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convert access db to mysql db through phpmyadmin

I am trying to convert an access database to a MySql database held on a remote ISP.
The ISP doesn't allow remote access to the MySQL database but I do have phpMyAdmin installed and linked to the MySQL database (completely empty, no table, queries or data).
As remotely linking to the SQL db from my pc isn't possible is there a way I can do this through myPHPAdmin or is there another way?
Any help greatley appreciated,

P.S it isn't so much the data held within the tables I'm worried about more the tables themslves plus their relationships and queries which I would like to convert to the mysql format.
3 Solutions
If the mySQL instance is configured to not allow remote connections, or there is a firewall preventing it, there is no way that your access database can connect to the MySQL instance. There is also no way the SQL DB can connect to your local MS Access instance.

PHPMyAdmin does not, to my knowledge have a method of importing from an MS Access database. The primary obsticle for that function would be the lack of a JET engine library that works on UNIX/LINUX.

To make matters worse, MS Access does not support exporting your schema to DDL. So you can't even export the SQL to create the schema. And even if it did, the datatypes etc in Access aren't standard SQL types so it possibly wouldn't work on MySQL. Your only option appears to be to manualy re-create the schema in MySQL. You can then export the data from MS Access into CSV format and then import that into MySQL (I think phpMyAdmin has a CSV import?, been a while)

Another option might be to import the schema into a MS SQL Server instance via a DTC Package (Which can understand an MS Access DB and convert it into an MS SQL one) then have MS SQL Server generate DDL Scripts for the schema and try running them on MySQL (they will probably need some changes before they will run).

Bit of a thorny one that ;-)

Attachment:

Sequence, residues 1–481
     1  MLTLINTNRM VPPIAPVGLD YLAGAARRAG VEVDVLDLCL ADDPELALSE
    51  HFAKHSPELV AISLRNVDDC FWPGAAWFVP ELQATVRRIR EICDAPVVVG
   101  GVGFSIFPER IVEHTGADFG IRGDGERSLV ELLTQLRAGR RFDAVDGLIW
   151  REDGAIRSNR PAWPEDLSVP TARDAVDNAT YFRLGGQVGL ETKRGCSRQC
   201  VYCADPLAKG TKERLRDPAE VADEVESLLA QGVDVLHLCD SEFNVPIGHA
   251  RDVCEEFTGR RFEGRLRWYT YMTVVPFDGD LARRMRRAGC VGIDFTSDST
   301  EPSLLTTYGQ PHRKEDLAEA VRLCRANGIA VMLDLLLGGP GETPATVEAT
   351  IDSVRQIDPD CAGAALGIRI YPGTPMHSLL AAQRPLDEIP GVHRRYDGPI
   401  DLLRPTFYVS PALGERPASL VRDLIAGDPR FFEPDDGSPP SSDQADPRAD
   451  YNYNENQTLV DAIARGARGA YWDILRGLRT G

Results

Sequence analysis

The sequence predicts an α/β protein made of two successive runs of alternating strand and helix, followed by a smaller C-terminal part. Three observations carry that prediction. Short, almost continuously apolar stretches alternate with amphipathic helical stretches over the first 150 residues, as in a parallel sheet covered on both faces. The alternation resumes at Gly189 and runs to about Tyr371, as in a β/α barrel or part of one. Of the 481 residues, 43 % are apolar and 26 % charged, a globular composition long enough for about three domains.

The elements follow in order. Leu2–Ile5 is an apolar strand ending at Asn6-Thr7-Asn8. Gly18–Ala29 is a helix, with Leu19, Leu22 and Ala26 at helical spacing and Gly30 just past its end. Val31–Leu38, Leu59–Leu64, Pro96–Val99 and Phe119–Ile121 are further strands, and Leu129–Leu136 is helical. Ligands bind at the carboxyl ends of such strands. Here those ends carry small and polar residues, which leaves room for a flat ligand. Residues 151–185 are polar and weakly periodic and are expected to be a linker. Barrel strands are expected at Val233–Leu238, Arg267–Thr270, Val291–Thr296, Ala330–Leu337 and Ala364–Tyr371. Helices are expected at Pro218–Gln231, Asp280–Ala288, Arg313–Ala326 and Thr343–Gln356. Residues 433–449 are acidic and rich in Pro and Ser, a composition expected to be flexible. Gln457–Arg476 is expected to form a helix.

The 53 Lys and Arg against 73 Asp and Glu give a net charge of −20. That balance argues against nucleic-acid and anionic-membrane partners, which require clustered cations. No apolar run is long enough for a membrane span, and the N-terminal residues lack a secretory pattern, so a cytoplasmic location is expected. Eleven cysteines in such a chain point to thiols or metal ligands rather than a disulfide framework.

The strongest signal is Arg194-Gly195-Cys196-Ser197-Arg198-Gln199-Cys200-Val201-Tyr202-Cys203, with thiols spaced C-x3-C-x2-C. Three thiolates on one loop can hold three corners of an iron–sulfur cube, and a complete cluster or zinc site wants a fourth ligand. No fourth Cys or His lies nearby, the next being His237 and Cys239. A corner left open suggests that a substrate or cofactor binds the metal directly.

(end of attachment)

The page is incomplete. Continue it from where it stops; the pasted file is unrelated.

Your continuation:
bangers3474Author Commented:
Sounds like a DTC Package might be the way to go as the phpmyadmin tool isn't something I'm overley familiar with.
Does anyone know of a particularly good one (preferablyinexpensive).
The best option will be for you to install mysql,php and phpmyadmin locally on the same machine than msaccess.
You need to manually create your table structure on phpmyadmin (as eyeh8u, you cannot export table structure).
Then with simple PHP script you can at the same time connect to msaccess and mysql, and tranfer the data this way.

When you have converted the data locally, you can export from phpmyadmin and import into your hosted mysql.
>>Sounds like a DTC Package might be the way to go as the phpmyadmin tool isn't something I'm overley familiar with.
>>Does anyone know of a particularly good one (preferablyinexpensive).

DTC is a feature of Microsoft SQL Server 2000, and thus very expensive! You need an instance of SQL Server to do this with.

Alain34's idea of doing it localy might help.
http://www.dbtools.com.br/EN/dbmanagerpro.php FREE

The DBManager Professional is the most powerful application for MySQL and PostgreSQL It is rich in features. It comes in two editions so you can choose the one that will fit your needs: Freeware and Enterprise. The Freeware edition is totally functional and some features are not even available in any other free software for database management.

This product features a DAO Import Wizard to import data and structure from MSAccess, Paradox, FoxPro, XBase, ODBC and MSExcel worksheets.

http://www.convert-in.com/acc2sql.htm $39.85

Access-to-MySQL is a program to migrate Microsoft Access databases to MySQL server. Depending on your privileges on the target MySQL server you can export MS Access data into new database, overwrite the contents of an existing MySQL database or perform deferred conversion store the contents of the source database into a local "dump" file which can be uploaded by FTP and imported into mysql with: mysql -u user -p databasename < /path/to/file

There's probably more, but these are the ones that have been recommended to me in the past - I strongly suggest you try the FREE one before paying money out - if it'll do the job then use it.

If you feel strongly about paying for software, visit the gift centre and buy Crercio a book!


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